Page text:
During career low points, superstar actors often try and reinvent their careers by playing against type, usually villains, sex fiends or both. This tactic doesn’t always work. Remember last year, Robin Williams took on a string of evil and unfunny roles in films like “Insomnia,” “Death to Smoochy” and “One Hour Photo.” These characters, however unsuccessful, stood apart from his earlier roles, jump-starting new interest in his work. Williams tried to show his audience he could change, morphing from a funny chameleon into a deranged killer and back again.
Now in the fall of 2003, Meg Ryan has set aside her talent for playing adorable and sensitive romantics for a racy and completely unsympathetic role in Jane Campion’s new thriller “In the Cut.” Ryan plays Frannie Avery, a New York City schoolteacher desperately passionate about poetry, whose safety comes under distress when a serial killer begins stalking her neighborhood. Detective Malloy (Mark Ruffalo) investigates (in and out of bed) and is portrayed as a man spends his days staring blankly at crime scenes and his nights out carousing through the Big Apple’s bars and dimly lit streets.
“In the Cut” moves at a slow, monotonous pace so that each scene is overrun with roving camera angles and out-of-place color palettes, as if the director is trying to closely adhere to the thriller conventions. The killer strikes. Frannie gets scared and runs to Malloy’s side. They go to bed. Boring stuff indeed, except for one part: Meg Ryan shows her breasts! Not only does she get naked, but the camera follows intently through scene after scene as Frannie and Malloy do the raunchy monkey dance, talking dirty the whole time. So is this Meg Ryan reinventing herself?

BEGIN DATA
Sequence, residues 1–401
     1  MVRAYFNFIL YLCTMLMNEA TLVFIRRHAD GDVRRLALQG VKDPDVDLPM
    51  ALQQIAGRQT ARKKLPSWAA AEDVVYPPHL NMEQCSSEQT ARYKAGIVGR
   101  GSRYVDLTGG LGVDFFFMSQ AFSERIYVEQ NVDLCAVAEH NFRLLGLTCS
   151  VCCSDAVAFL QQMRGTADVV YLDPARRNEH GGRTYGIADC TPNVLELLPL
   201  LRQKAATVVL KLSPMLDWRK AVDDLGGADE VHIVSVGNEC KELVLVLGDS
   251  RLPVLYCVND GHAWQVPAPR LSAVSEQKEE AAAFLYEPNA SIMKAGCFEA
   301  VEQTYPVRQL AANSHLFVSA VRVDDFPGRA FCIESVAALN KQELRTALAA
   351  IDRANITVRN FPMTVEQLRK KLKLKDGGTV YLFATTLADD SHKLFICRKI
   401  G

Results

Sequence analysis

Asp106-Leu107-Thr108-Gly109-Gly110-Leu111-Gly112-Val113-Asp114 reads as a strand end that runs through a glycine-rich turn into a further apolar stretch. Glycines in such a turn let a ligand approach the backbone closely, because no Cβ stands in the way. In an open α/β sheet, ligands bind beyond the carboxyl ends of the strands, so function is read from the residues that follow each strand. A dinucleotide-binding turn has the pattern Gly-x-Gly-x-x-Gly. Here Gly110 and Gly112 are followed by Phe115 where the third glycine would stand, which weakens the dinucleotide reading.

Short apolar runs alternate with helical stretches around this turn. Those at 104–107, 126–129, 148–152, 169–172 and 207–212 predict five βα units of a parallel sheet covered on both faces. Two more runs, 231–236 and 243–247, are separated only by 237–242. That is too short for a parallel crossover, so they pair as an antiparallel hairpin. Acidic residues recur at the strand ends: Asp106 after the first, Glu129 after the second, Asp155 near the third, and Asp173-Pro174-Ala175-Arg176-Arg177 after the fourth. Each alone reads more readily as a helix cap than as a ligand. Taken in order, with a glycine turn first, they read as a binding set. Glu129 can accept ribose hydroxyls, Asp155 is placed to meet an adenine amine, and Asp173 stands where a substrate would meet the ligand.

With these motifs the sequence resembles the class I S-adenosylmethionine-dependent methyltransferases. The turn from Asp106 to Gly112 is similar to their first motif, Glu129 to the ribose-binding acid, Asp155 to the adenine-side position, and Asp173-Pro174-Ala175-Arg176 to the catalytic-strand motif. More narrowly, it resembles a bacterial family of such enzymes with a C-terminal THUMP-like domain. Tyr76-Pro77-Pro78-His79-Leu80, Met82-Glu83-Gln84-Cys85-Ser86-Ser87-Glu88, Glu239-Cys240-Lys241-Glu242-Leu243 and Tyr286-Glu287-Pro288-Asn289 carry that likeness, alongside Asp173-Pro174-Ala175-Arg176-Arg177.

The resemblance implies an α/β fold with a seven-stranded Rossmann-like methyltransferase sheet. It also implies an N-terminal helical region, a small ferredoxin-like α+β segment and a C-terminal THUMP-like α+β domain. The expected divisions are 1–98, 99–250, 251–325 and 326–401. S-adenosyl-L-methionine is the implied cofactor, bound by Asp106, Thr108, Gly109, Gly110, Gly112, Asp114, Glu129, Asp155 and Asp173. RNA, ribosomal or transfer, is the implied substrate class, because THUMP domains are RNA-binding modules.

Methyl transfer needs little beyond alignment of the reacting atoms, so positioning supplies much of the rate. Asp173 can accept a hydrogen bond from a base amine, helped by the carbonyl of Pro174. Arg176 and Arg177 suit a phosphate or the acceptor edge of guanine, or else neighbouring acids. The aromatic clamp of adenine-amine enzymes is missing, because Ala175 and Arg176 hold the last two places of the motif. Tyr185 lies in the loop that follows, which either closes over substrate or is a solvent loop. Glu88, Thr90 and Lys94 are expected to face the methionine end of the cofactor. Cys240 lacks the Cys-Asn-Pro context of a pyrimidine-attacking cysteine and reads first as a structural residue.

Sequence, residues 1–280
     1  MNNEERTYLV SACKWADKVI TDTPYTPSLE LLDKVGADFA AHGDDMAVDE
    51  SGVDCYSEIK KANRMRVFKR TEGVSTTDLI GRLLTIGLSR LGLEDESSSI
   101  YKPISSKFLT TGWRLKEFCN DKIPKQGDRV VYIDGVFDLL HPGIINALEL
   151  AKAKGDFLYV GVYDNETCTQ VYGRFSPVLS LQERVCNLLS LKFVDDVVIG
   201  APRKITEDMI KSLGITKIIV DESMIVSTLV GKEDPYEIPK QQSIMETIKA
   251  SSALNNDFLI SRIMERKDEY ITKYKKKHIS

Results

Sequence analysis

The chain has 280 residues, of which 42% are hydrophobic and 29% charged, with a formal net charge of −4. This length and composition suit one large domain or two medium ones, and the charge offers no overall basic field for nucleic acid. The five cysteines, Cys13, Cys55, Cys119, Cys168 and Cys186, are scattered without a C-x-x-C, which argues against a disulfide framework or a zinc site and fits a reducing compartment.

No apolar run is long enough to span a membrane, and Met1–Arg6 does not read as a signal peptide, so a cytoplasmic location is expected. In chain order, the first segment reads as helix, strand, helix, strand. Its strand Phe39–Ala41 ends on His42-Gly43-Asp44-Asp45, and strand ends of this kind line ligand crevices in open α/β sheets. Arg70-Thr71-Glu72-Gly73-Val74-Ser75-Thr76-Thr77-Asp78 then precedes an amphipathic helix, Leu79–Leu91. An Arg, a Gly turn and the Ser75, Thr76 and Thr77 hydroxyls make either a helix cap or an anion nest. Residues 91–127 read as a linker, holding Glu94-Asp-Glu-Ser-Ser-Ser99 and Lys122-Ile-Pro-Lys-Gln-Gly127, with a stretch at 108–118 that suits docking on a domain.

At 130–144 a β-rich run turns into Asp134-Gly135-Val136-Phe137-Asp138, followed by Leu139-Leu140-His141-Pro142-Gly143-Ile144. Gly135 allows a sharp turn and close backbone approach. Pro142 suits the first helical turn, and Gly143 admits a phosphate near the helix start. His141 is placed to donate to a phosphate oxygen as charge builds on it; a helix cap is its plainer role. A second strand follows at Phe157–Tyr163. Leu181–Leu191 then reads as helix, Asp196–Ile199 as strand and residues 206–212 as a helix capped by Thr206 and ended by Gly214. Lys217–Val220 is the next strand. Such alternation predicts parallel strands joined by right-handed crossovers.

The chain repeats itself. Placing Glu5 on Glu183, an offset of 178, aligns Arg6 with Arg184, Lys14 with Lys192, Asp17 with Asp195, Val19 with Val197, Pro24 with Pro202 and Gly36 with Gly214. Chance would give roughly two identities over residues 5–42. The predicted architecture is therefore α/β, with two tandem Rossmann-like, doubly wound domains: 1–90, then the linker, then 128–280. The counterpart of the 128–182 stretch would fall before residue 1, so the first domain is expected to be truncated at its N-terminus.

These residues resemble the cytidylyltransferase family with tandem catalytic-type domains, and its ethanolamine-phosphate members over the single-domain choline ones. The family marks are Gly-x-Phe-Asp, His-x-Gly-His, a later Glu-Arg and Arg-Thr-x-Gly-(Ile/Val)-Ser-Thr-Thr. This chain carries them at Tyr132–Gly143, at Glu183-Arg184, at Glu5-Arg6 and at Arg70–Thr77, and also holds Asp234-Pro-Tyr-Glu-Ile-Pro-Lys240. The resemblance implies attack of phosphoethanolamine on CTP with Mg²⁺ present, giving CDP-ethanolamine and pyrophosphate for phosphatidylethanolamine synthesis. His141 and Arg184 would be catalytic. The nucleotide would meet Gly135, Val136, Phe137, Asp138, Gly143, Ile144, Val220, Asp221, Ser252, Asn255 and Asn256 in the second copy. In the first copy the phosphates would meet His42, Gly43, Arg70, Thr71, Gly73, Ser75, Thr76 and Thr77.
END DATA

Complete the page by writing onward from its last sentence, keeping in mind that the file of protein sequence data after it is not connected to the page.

Well, not exactly. Ryan’s Frannie Avery wallows in self-pity and latches on to any aggressive piece of meat willing to mentally abuse her. She’s a victim from the start, a character suffocating from weakness. The nude scenes come off as silly wet dreams, staged in a hazy fog, detaching any semblance of character development from the story. The role, originally intended for Nicole Kidman, lacks substance, motivation and most importantly, conviction.
It doesn’t help that “In the Cut” completely fails as a scary thriller or captivating noir piece. As more and more dead bodies start showing up, the dialogue turns from stale to terminal. Even more maddening, the style unleashes waves of pretension upon an audience hoping for a thriller with bite. Jane Campion abuses the hand-held camera, filming New York City by focusing on scummy, red light districts and dark alleys. Campion, who usually has a brilliant sense of landscape (see “The Piano” and “Holy Smoke”), blurs each image in and out of focus, creating a world so insecure the characters and settings become completely unbelievable.
Nudity or not, “In the Cut” ranks with this year’s worst films, representing nothing but a series of high-gloss surface interactions wasting talent left and right. Artsweek hopes Ryan will learn her lesson and choose a project worth both her acting chops and physical features. “In the Cut” doesn’t come close to complementing either, producing instead a bland and unrewarding nightmare void of any tension or value.